Can You Look Up Deleted Texts With Your Carrier?
So we work (quite a lot I might add) to ensure that we cover as many ways to retrieve deleted text messages as we can and that usually relvolves around digging through the phones memory to see what’s left over. But if you think a little outside of the box there’s a few other points that data passed through.
By the way want to skip all the techno-babble? You can click here and take a look at the TextRar recovery tool. It might not chase your phone carrier on the phone for you but it does a pretty good job at helping you recover deleted text messages locally on the phone.
Out of the Box Thinking
So we’ve looked through the phone memory and nothing has turned up? OK it’s time to look a little further. Note: Make 100% sure you actually looked through the memory of the phone. And I don’t mean flicking through your deleted messages folder. Whether it’s our TextRar tool you’ve used or something else (there’s no other good alternatives though – trust us) take your time to do this because it’s not only your best chance of getting your text message back and it’s free.
Our next steps may involve bugging people as well as paying some fees and phone bills – and I’ll be honest straight away there’s not a great chance of it working. So if you’re skipping the local recovery because you think this’ll be easier you’re going to have a bad time mmmkay? I know some people have tried calling their phone carrier because they thought it would be too hard to use our tool. They paid a fortune for the call, sat on hold to deal with being told “no” and got nowhere. When they eventually relented and clicked a few buttons on our tool they got their messages back.
But if you’ve really scraped the bottom of the phones memory then it’s trying to scrape the barrel for ideas. So let’s look at how a text message is sent shall we?
How a Text Message is Sent
Now, once you’re done marveling at my art skills, have a look at how a text message is sent (and more importantly) where the data if that text message goes.
- It’s on their phone.
- It goes through their network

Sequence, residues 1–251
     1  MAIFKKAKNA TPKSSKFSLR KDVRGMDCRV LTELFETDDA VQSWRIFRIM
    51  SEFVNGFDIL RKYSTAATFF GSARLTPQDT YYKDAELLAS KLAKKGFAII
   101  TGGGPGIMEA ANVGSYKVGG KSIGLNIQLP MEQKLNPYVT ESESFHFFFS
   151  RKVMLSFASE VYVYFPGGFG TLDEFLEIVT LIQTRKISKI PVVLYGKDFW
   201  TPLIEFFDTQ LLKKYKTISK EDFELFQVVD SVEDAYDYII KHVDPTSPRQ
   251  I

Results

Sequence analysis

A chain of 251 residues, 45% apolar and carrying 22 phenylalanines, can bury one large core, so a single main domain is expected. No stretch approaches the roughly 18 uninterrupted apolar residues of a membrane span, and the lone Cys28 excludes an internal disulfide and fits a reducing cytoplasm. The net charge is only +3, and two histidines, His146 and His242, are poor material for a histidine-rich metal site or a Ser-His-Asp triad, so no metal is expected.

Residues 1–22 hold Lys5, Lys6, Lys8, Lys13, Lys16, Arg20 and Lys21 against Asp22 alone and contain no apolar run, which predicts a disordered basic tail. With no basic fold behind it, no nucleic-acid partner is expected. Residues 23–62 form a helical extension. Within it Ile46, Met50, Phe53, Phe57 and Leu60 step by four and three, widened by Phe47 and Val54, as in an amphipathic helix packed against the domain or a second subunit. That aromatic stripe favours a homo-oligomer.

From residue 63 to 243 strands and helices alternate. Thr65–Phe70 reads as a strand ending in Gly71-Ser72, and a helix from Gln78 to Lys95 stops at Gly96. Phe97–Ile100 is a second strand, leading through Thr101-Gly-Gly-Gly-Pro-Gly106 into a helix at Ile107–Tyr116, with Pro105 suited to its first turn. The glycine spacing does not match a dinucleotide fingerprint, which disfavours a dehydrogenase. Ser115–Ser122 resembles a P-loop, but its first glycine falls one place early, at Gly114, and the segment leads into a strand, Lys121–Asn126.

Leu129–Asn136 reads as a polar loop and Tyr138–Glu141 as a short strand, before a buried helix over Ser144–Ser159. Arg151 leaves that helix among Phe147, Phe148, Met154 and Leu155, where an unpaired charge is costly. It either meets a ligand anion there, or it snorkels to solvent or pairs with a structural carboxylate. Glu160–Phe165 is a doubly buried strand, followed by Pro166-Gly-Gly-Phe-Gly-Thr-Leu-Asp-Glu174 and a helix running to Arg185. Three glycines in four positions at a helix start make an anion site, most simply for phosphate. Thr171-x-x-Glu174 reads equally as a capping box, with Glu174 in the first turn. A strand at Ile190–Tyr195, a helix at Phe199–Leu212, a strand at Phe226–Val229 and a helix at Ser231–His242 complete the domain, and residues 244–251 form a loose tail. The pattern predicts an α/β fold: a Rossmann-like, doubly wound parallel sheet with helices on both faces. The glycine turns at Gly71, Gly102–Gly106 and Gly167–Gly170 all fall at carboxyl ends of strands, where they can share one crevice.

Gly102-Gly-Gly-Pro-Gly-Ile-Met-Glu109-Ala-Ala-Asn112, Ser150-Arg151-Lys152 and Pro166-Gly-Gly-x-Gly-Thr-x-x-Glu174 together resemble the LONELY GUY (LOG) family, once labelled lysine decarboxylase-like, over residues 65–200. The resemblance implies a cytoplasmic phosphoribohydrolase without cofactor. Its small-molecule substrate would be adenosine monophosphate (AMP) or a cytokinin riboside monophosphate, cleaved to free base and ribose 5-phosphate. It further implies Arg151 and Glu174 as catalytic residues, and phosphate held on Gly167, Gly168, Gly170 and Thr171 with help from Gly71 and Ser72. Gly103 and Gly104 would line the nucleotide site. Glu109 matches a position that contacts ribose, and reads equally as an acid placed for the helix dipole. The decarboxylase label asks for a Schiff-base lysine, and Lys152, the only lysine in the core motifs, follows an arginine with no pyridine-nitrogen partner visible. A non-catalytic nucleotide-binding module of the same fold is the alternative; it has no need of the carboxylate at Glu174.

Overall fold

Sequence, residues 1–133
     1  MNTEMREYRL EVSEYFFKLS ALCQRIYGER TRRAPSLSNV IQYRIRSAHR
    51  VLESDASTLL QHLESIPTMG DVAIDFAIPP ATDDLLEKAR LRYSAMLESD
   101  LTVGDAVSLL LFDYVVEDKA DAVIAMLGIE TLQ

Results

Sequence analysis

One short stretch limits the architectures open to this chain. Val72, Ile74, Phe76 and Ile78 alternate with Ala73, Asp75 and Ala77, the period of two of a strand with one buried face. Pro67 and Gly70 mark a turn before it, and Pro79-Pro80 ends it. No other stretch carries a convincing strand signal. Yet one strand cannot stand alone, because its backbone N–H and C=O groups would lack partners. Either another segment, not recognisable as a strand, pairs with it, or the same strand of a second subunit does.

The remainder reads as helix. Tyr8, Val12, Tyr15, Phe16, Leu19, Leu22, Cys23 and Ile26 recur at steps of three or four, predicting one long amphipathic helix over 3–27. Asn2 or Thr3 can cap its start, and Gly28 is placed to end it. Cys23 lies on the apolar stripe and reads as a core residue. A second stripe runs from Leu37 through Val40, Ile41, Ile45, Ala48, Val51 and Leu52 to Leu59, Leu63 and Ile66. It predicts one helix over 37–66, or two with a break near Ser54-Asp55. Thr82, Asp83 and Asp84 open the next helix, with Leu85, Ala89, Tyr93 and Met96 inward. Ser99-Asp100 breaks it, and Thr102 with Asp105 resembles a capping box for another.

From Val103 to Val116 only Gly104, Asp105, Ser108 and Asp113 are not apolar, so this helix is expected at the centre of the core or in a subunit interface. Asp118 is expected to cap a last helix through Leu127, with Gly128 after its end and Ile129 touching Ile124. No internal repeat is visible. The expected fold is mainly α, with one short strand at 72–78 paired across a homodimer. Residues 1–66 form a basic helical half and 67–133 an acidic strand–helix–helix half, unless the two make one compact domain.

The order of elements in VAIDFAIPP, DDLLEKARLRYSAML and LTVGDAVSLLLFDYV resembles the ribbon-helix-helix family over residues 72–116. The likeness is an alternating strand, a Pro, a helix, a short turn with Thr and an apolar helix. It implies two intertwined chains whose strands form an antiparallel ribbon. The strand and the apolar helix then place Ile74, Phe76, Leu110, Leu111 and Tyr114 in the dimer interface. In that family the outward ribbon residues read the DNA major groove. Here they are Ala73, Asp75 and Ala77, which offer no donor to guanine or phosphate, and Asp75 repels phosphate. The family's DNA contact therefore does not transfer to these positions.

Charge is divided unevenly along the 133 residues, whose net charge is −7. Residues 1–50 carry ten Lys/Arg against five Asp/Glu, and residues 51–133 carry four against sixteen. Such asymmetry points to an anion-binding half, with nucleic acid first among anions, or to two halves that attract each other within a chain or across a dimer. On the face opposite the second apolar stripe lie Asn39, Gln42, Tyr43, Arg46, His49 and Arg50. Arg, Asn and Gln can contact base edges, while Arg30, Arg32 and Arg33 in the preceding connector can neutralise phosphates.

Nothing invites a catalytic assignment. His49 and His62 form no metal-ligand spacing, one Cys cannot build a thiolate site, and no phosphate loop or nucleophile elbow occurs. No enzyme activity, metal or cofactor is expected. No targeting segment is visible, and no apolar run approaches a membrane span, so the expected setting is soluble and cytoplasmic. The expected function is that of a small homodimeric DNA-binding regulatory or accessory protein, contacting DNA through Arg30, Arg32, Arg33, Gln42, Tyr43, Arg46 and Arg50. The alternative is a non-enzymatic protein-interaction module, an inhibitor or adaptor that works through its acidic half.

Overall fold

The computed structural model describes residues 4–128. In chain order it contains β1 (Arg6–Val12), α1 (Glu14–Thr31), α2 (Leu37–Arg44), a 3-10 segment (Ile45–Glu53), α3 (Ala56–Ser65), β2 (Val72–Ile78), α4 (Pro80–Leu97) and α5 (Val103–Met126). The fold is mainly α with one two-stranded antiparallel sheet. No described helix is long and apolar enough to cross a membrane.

- It goes to your network
- It arrives on your phone
Now we’ve already covered trying to retrieve it on your phone (right?) so let’s look at the other three.
Retrieving the Message on Your Network
Ready to bang your head against the wall? You can try and call your phone provider. So let’s take AT&T for example. You can call the AT&T customer service line and explain the problem. Now you run the risk of paying for each minute on the phone (yes, even when you’re on hold) and being told a straight out no.
The phone provider isn’t legally required to help you with this. It’s unlikely to be a simple job for them and nothing their tier 1 tech support or customer service line will have access to. They’ll be able to do it certainly and court orders will work but let’s assume you don’t have one of those. Your best bet is to find someone who’s had their coffee that morning and give them a good sob story. Even then there just might not be the process in place for them to recover deleted text messages and you’ll just have to accept that. Yelling and screaming down the phone won’t rewrite their systems.
And, no, it’s not something they really “should” be doing. Their responsibility ends with getting the message to you. Would you blame your postman if you accidentally shredded your mail?
If you are lucky enough and your phone provider can recover the deleted message for you then it’s likely you pay a fee for it (on top of the phone call) and you’ll likely have a wait time.
Recovering the Message from The Senders Phone
Pretty straightforward. Can you access their phone and check their sent folder? Or just ask them to resend the information? This isn’t always an option of course but sometimes the simple option is the best one.
You can also run the TextRar tool with their phone to recover the message if it’s been deleted from the sent folder. The data was there we can retrieve it on their phone.
Retrieving the Message on The Senders Network
This is the same as calling your own network except the sender will have to do it. They better really love you for this one because their carrier won’t. Even if you’re both on the same carrier this might be worth a go.
In general though you’re barking up the wrong tree trying to look up deleted texts with your carrier.
Recover Deleted Text Message AT&T
Publicly AT&T offers to give a log of the times, dates and contact numbers of a text message which has been deleted on your phone but they don’t retain the actual body of the message for privacy reasons. The AT&T online stores these by default and are visible on the website. So it’s not great, since you don’t get the body of the text, but at least it gives you a point to start with and if you’re contacting the original sender or their network then you can give a time stamp to find the message.